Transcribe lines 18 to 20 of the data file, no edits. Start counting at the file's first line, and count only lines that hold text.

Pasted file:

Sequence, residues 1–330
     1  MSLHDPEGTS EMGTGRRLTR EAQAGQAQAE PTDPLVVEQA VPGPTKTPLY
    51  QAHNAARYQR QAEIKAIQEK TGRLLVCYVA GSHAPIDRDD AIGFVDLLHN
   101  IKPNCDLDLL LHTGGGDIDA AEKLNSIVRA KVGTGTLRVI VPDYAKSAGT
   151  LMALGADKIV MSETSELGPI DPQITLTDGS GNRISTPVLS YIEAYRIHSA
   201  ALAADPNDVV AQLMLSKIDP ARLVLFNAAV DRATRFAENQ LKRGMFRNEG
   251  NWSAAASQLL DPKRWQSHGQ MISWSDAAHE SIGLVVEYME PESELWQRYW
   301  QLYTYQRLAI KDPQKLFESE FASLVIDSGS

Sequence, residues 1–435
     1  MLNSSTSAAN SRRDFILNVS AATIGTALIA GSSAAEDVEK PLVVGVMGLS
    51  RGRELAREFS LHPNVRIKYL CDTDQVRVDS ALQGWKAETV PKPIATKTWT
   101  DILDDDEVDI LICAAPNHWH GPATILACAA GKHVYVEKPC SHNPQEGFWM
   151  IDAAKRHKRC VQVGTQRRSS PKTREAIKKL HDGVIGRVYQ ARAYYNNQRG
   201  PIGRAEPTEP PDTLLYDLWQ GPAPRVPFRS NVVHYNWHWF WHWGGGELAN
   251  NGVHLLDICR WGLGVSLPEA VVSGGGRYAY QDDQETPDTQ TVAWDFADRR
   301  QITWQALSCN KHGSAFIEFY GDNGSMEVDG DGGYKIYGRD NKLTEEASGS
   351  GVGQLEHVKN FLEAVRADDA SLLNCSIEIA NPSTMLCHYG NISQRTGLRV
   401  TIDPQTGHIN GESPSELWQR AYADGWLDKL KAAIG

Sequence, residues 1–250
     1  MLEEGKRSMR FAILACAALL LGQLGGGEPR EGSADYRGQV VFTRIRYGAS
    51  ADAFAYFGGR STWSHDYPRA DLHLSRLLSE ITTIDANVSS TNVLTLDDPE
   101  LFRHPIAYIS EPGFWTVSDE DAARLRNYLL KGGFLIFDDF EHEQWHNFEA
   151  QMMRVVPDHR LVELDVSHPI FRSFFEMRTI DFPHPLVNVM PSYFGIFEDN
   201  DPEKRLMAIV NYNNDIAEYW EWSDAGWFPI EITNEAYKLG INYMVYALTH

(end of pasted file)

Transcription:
   401  TIDPQTGHIN GESPSELWQR AYADGWLDKL KAAIG

Sequence, residues 1–250
     1  MLEEGKRSMR FAILACAALL LGQLGGGEPR EGSADYRGQV VFTRIRYGAS